In 1902 the Nobel Prize for Literature was awarded to Theodor Mommsen for his sensational work of history The History of Rome. Classical scholar, historian, jurist, journalist, politician, archaeologist, and writer, Mommsen is generally regarded as the greatest classicist of the modern era. To this day his work on Roman history is still of fundamental importance among scholars. There has never been anything like it, and there may never be again.
Mommsen’s history, first appearing in 1856, differs from the 18th-century work of Gibbon in the important respect that Mommsen begins his story in the centuries before the monarchy and ends it with the death of Julius Caesar. It is a dramatic historical tour de force of Republican Rome. (Gibbon takes up his work where Mommsen leaves off.)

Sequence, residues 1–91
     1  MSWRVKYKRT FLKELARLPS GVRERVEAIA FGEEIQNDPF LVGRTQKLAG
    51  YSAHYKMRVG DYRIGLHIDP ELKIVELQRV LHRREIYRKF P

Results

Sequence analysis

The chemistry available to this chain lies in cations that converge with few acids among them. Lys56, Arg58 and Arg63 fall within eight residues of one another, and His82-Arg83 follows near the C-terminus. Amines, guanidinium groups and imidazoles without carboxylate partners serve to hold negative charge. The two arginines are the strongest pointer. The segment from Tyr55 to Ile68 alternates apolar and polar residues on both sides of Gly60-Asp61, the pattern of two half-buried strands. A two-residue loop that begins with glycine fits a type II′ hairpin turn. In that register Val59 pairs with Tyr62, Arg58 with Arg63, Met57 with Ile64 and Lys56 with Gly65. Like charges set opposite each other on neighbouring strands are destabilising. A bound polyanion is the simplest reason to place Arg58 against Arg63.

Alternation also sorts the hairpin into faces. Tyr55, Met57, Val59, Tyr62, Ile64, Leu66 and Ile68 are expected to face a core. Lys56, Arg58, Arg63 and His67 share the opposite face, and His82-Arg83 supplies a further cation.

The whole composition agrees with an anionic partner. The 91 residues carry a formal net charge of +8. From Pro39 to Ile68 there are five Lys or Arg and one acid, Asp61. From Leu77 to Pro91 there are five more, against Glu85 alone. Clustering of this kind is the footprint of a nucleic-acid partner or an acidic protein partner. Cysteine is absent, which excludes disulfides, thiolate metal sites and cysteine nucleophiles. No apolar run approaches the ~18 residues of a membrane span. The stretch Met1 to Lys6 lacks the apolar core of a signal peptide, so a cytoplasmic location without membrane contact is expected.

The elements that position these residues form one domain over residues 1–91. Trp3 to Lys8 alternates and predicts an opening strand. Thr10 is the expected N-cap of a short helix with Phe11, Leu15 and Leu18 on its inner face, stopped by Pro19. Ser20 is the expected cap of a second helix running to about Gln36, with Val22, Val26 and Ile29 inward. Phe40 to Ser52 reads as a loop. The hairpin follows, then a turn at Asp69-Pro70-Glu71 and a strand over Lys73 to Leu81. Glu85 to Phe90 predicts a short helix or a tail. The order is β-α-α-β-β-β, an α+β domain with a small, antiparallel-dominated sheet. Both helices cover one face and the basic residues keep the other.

The History of Rome is divided into five books, of which this is the first. Book 1 begins in the dim prehistory of Latium and describes the society that emerged there in the centuries leading up to the establishment of the first Roman king. This penetrating look at emerging Latin culture takes us into the strange world of their religion; their family structure; and their legal system, trade, alliances, and relationships with neighboring tribes and kingdoms. It brilliantly sets the stage for what is to come in the following volumes.